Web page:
Learning and performing
The learning process differs from performance in that it cannot be directly observed. It is an internal process which
results in relatively permanent changes in behaviour as a result of experience or practice. In order to monitor the learning
process coaches could constantly evaluate performance over a period of time, training sessions could be recorded over an eight
week period and closely looked at a couple of times with constant feedback to the learner to aid his/her improvement and development
in the sport.
It has been established that those involved in learning of motor skills exhibited periods where there was no apparent
improvement in performance. Each period is known as a plateau, for example, when you first learn a new skill such as boxing,
you appear to progress very rapidly before passing through a phase when you no longer improve. This is followed by another
phase of rapid improvement.
Some scientists have suggested that when we learn a motor skill we do so in stages.
The first stage might involve learning basic actions such as how to throw a punch in a stationary position. In the next
stage the boxer may learn how to move with appropriate footwork, while a third stage of the process might see the boxer learn
how to strike an opponent while on the move.
The most important thing to remember when learning how to box is to TAKE THINGS SLOW! Learn the basics and be patient,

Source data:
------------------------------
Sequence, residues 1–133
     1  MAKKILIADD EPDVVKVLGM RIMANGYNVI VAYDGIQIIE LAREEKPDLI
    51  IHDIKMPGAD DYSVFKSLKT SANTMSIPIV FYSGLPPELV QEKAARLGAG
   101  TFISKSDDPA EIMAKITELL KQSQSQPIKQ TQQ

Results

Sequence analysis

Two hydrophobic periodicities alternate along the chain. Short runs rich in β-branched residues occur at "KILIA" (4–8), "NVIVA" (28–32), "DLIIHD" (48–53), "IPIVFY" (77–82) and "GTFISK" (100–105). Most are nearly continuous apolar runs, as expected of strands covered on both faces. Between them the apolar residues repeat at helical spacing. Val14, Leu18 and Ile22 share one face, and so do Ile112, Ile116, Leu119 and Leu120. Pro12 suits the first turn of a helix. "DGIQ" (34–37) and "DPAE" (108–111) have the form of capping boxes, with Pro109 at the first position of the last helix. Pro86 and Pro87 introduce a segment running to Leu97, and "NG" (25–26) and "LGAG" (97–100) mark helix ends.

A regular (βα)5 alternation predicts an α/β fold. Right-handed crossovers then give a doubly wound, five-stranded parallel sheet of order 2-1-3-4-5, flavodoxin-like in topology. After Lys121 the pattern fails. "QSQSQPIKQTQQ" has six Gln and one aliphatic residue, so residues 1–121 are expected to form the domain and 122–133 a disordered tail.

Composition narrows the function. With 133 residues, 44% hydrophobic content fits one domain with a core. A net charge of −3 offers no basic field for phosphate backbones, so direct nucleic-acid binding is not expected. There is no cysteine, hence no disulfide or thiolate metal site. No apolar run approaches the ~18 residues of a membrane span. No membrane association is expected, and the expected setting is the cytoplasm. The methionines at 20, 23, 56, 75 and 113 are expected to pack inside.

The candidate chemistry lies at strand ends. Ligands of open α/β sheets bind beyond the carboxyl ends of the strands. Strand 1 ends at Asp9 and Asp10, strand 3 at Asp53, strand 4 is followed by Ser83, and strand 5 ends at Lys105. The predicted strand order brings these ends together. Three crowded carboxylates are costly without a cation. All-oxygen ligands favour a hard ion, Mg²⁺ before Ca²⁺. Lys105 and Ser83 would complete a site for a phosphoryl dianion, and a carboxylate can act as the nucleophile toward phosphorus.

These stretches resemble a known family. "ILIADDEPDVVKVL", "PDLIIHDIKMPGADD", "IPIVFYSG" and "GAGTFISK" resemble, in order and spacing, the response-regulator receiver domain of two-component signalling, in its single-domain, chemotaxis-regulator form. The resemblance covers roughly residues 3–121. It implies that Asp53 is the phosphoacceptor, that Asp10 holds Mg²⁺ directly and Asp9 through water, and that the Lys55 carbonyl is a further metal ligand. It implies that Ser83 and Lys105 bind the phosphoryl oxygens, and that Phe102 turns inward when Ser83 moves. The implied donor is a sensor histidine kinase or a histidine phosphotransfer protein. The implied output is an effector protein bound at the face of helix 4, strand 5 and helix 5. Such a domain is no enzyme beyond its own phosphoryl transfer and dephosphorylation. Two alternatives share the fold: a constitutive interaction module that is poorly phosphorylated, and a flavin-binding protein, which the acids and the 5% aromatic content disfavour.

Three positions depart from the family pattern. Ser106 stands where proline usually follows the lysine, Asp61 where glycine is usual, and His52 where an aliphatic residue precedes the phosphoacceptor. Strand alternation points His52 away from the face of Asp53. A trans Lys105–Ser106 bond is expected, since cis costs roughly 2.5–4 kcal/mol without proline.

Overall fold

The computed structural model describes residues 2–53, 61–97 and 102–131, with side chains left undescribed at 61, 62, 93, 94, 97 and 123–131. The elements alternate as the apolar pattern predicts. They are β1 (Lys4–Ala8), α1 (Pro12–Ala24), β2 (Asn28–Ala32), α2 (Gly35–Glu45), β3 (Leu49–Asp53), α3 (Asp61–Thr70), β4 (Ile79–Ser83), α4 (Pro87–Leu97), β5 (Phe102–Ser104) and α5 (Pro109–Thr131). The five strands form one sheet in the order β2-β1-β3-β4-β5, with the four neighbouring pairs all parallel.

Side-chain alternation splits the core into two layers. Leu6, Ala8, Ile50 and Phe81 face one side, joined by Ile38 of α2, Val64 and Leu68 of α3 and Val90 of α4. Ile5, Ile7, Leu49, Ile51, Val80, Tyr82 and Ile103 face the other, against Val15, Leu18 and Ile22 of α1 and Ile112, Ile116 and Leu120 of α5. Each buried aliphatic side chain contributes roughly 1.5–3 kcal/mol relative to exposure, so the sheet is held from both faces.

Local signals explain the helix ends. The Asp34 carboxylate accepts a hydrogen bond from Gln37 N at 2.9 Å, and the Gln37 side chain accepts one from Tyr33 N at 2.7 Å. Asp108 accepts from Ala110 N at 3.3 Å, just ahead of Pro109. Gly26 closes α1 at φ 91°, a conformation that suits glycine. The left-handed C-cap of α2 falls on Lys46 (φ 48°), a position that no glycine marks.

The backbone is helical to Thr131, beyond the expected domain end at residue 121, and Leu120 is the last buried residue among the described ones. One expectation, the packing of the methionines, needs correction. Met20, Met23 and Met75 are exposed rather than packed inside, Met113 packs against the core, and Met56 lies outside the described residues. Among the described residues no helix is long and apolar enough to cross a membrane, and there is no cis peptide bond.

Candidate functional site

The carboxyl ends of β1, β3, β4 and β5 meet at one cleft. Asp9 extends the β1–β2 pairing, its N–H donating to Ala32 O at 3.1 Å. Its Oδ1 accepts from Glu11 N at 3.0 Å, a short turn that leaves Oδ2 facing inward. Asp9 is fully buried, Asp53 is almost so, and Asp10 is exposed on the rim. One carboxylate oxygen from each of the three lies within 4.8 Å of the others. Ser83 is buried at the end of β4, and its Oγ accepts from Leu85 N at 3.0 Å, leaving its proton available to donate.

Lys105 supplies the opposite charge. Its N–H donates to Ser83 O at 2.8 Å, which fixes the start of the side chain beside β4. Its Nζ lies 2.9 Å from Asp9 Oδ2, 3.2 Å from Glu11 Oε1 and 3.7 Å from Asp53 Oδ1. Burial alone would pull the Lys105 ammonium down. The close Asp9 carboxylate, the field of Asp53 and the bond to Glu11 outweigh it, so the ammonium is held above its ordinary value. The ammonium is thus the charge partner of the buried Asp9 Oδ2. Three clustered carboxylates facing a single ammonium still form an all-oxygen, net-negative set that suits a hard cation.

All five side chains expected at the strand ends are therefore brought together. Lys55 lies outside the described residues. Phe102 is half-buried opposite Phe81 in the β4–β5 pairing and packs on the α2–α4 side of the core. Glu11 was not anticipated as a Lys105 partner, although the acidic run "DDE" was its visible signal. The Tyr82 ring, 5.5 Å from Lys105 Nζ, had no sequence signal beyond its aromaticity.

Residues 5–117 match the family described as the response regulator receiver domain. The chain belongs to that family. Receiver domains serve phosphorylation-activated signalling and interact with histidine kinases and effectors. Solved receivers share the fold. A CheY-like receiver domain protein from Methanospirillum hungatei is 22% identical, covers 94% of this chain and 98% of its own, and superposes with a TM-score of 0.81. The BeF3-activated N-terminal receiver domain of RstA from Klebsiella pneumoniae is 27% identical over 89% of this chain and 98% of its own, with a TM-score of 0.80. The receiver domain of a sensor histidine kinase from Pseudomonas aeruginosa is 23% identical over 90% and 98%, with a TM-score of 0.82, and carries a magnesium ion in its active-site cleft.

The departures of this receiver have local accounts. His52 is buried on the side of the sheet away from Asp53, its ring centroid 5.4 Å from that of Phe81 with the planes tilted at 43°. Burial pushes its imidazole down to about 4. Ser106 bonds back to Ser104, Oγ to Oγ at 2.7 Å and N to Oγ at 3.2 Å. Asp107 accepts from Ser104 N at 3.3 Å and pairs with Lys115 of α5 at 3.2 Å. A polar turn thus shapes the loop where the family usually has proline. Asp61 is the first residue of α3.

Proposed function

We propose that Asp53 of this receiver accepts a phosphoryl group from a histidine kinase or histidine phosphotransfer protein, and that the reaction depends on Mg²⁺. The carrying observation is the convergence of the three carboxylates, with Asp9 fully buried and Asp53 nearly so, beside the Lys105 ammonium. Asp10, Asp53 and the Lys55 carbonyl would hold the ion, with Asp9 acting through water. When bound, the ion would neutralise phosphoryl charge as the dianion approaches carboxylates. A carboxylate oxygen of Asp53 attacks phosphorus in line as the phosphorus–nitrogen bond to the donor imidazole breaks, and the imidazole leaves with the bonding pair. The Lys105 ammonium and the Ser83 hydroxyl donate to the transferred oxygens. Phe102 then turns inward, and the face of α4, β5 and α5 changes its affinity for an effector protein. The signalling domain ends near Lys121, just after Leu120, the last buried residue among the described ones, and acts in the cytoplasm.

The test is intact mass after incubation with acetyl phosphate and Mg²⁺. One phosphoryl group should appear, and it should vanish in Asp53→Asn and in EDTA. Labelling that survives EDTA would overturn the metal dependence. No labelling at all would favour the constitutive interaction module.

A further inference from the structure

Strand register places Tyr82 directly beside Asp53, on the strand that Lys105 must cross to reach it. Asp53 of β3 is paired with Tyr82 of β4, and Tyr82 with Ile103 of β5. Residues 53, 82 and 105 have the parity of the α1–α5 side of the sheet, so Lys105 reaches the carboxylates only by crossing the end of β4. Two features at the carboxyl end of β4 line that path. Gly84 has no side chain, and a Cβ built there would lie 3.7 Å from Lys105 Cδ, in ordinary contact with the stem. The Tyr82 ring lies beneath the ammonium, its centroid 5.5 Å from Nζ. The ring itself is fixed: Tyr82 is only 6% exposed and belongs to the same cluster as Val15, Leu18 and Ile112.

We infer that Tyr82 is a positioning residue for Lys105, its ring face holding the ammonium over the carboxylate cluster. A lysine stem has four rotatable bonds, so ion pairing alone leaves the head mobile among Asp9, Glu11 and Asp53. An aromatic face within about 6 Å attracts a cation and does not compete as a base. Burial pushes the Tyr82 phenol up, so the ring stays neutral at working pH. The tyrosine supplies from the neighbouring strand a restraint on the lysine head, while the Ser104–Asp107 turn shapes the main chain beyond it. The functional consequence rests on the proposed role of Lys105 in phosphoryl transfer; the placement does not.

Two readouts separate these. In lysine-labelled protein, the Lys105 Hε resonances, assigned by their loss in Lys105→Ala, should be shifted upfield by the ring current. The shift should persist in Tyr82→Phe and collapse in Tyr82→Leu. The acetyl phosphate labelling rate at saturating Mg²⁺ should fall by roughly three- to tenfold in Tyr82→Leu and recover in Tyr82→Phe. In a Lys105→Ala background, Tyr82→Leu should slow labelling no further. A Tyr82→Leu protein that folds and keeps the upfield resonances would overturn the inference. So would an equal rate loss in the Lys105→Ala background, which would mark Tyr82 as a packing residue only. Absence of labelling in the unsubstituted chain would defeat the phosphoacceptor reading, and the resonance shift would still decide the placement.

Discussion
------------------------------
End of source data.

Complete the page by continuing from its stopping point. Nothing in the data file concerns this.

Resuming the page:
you will improve so don't rush into anything that could well be out of your league. Try to remember these three stages of
the learning process:
Learning what is required: Ask your coach for help, make sure you are doing the basics right, i.e keeping
hands up, throwing straight and good footwork.
Practice: This is the stage where you start to iron out any silly mistakes you made while learning the
skill for the first time. You now also begin to build on the basics such as learning how to feint a punch and throwing hooks,
Mastery: This is the stage where you can perform the above without to much help from the coach, now
you do not have to think before you act. It all comes naturally to you from now on so now you can start full contact sparring
and even competing.
I think that when learning to box you don't run before you can walk, in this I mean that you shouldn't bug your coach to
spar when you have only been there a month! You only need to work on basic exercises at first such as normal pressups, situps
and squats as well as doing a bit of road work. But all that is useless if you have'nt mastered the basics of the sport, work
one to one with your coach, ask peers to keep an eye on your stance and hand work. Work on the pads, do plenty of bag work
and shadow boxing (you can do this at home in front of the mirror). When you are new don't just hit the bag for the sake of
it, you need to improve so work on your style and master the basics. Building a strong base like this will give you great
advantage in the future. Give this a try:
Just throw the jab in this round, keeping good form and throwing only good well executed jabs, not hundreds one after the
other. For half the round move around one way and for the last round move around the other way.
Now through the jab and power punch while moving, first jab and power punch, then throw two jabs then the power punch.
This round you do the same as two except now you throw some feints, you could feint the jab then straight away throw the
power punch, do this a couple of times. for the last half of the round just throw hooks, maybe feint the jab then hook.
This round you throw everything together, jabs (single, double, and treble) throw power punches, feint and move. Be inventive,
this is the round to try things out, you could throw the jab, power punch then hook. Anything you like, try.